2. On the same wavelength, SEO as an entity is approaching a mature stage of development. In pure awareness, it’s still relatively young – and growing – but how much it changes on that fact alone is something interesting to think about. Do you think company buyin and realistic expectations will improve over time, or will we always be relatively stuck in an industry where people think its #1 or bust, and that rankings are definitely coming in three months? Is there any potential that SEO spend will regress somewhat in the “instant impact” field, where even those people grow to realize instant returns aren’t possible – or will there always be a steady lottery-ticket type spend in SEO?
I think that the answer to that question depends on the type of client caliber you’re dealing with. At the enterprise level, most companies have much more realistic expectations when it comes to the ROI that SEO can provide as well as the amount of time it takes to see those returns. When dealing with small to medium size business there appear to be a lot more naive decision makers who either have unrealistic expectations or simply no real understanding of what SEO really is.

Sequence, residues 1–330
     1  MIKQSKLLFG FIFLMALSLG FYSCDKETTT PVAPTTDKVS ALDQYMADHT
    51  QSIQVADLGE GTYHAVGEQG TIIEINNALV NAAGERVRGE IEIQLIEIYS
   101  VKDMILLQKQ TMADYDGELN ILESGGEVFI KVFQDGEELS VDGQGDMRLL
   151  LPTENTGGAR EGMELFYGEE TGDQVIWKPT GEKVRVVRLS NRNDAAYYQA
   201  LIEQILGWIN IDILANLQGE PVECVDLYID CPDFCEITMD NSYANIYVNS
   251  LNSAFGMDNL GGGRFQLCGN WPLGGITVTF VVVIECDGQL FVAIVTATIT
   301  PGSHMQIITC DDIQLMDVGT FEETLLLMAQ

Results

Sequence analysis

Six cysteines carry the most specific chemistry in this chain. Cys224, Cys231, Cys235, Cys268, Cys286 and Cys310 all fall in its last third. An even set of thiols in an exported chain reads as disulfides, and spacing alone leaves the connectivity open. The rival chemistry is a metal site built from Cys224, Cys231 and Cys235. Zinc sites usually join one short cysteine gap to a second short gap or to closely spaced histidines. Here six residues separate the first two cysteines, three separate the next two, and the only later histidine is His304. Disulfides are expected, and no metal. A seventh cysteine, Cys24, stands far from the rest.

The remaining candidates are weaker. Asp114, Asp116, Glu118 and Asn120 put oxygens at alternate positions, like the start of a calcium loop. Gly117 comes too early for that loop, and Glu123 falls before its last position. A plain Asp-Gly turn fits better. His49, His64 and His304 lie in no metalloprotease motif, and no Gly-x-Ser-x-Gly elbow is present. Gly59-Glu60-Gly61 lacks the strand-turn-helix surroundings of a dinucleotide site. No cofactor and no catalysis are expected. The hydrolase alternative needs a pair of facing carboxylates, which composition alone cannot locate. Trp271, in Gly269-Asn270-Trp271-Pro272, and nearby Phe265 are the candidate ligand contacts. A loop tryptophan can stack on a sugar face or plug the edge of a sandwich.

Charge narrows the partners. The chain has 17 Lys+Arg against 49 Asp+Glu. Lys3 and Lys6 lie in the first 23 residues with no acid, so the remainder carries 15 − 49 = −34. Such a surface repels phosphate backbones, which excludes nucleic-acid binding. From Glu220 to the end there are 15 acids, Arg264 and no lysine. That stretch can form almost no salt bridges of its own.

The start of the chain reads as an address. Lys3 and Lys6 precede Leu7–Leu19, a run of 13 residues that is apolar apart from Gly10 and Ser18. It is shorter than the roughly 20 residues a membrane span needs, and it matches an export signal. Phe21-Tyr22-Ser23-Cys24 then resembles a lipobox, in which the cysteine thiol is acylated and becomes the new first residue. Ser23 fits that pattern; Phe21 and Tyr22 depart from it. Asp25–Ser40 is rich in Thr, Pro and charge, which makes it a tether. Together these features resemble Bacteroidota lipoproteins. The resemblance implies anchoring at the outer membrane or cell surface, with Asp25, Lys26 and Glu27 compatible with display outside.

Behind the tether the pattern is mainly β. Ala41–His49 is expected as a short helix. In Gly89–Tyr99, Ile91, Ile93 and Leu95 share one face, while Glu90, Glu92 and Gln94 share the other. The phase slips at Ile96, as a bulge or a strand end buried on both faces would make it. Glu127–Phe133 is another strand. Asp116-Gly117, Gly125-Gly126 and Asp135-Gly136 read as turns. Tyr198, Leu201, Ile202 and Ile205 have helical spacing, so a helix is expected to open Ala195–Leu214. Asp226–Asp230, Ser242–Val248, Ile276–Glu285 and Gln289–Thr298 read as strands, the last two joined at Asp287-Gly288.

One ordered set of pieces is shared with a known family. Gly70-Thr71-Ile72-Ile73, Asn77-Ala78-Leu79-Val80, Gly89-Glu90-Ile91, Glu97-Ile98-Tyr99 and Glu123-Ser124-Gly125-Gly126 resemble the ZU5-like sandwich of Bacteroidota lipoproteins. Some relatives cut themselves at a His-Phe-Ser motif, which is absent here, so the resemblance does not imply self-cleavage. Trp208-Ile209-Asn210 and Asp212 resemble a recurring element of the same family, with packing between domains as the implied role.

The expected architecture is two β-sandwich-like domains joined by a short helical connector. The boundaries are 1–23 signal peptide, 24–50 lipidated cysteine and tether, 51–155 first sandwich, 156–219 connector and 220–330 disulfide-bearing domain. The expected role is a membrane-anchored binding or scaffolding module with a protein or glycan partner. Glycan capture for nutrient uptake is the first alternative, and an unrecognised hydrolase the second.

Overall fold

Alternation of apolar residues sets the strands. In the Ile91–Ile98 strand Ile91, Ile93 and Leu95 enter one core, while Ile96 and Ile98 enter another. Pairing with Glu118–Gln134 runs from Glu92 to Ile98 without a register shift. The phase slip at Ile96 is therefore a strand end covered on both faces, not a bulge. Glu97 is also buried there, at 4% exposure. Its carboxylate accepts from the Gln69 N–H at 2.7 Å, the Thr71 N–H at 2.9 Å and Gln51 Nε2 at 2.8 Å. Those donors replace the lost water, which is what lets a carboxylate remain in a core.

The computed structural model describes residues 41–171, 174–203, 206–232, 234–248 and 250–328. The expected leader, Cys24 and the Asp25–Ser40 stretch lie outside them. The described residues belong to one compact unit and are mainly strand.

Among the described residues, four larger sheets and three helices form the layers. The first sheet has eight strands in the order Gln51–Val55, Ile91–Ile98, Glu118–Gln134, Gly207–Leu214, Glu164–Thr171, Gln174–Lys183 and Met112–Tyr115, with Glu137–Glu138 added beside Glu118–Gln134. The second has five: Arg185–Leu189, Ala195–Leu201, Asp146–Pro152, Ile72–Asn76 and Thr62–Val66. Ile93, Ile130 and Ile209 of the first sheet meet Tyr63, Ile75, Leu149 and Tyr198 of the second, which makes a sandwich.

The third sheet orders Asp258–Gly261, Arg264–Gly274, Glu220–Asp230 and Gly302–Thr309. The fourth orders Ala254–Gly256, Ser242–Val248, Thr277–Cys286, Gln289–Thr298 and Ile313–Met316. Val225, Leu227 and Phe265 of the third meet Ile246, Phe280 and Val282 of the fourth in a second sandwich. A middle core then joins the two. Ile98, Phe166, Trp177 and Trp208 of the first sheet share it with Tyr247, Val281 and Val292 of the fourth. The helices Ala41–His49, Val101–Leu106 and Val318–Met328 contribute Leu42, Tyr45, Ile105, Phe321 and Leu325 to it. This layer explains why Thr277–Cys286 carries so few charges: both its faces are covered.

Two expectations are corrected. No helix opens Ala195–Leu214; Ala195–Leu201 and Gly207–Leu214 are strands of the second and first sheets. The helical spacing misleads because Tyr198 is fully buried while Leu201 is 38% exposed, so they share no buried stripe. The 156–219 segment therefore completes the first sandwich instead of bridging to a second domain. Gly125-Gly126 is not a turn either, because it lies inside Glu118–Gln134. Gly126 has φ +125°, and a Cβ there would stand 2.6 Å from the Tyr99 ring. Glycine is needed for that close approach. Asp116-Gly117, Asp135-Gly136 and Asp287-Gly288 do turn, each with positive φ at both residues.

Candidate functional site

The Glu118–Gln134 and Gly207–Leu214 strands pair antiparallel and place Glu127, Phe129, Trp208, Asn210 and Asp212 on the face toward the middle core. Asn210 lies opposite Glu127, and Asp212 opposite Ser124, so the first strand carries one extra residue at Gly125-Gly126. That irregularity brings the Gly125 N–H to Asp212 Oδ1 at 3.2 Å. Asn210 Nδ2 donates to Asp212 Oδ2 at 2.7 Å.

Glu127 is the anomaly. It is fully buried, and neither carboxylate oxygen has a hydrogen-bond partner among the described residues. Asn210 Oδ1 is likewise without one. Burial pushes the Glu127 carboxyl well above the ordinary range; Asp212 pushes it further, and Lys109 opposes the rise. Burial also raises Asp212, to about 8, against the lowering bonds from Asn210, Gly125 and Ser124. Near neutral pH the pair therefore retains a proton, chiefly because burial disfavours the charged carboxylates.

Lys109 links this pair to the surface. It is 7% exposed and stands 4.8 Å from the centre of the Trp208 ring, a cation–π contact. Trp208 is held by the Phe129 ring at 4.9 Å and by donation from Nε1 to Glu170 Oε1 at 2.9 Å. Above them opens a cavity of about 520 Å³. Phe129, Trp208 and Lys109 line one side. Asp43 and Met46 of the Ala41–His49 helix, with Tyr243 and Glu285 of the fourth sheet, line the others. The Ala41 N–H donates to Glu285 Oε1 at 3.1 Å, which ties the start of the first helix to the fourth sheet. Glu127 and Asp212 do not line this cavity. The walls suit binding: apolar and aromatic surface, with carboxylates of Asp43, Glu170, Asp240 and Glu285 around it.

That said, I don’t expect SEO spend to regress anytime soon (as in not in the next decade). Why? Because right now, we still live in a world where the vast majority of advertising spend still goes to traditional, offline channels like print, radio, and television. As that share of advertising dollars continues to shift to online channels like SEO, the spend will continue to grow at a healthy pace.
3. Is there anything that particularly irks you within the field? Some examples of areas that could “irk” you are algorithmic tendencies, what color hats most people wear, SEO blogging, outside perception of SEO, and etc.